One national animal rights group’s push for an “in vitro” chicken-meat substitute is among the more hypocritical things it has done in recent memory (“PETA plans $1 million prize for creation of in-vitro meat,” April 21).

Any reasonable attempt at culturing faux-chicken cells will have to involve a laboratory serum. And within the four-year window PETA has prescribed, the only reasonably economical choice will be the widely available “fetal bovine serum.” This protein-rich fluid is derived from the fetuses of unborn calves. Many of those animals would otherwise become “veal,” no doubt eliciting naked restaurant protests from the same PETA activists.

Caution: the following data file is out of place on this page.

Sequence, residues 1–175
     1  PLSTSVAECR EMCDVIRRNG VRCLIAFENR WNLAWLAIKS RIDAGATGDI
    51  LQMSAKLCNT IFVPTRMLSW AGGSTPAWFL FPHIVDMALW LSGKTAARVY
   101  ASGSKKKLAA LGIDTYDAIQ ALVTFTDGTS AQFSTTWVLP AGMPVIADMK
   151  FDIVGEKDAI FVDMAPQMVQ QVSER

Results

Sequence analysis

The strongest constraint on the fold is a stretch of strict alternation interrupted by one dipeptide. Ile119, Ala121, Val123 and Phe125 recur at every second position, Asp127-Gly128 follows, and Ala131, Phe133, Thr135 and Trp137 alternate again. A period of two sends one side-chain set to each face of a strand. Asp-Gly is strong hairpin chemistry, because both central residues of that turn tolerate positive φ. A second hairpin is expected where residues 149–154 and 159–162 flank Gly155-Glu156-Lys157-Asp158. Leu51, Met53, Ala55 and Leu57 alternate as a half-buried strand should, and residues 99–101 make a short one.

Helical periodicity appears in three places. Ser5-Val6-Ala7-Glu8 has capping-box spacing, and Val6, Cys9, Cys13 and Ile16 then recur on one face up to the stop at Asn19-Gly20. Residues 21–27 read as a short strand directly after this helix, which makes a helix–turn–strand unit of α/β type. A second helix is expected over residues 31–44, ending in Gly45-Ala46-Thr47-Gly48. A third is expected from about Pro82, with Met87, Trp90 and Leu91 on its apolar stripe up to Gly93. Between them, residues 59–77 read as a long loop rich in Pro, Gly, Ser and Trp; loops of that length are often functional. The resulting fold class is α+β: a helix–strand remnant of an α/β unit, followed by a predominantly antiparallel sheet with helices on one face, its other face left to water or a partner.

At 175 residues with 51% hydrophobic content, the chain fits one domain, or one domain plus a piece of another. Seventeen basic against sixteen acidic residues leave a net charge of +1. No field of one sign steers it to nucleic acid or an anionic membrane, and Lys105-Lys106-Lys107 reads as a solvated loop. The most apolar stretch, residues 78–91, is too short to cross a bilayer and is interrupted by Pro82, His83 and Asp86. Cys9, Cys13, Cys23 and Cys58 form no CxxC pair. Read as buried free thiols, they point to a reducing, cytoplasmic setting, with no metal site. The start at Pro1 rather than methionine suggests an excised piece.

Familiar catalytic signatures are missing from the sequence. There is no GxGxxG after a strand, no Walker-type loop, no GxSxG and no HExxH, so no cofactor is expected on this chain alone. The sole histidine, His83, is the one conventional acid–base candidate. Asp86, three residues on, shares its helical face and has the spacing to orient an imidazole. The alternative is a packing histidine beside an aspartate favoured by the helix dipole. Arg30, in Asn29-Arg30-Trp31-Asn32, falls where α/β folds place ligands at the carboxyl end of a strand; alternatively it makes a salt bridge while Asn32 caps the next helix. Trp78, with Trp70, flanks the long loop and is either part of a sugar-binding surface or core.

Moreover, before any lab-processed chicken-replacement could be brought to market, it would have to be extensively safety-tested on animals in order to satisfy the FDA. PETA’s president has insisted that “even if animal testing produced a cure for AIDS, we would be against it.” But in the service of promoting a vegan utopia, what makes animal testing suddenly appear more “ethical” to these zealots? Could it be the promise of media coverage?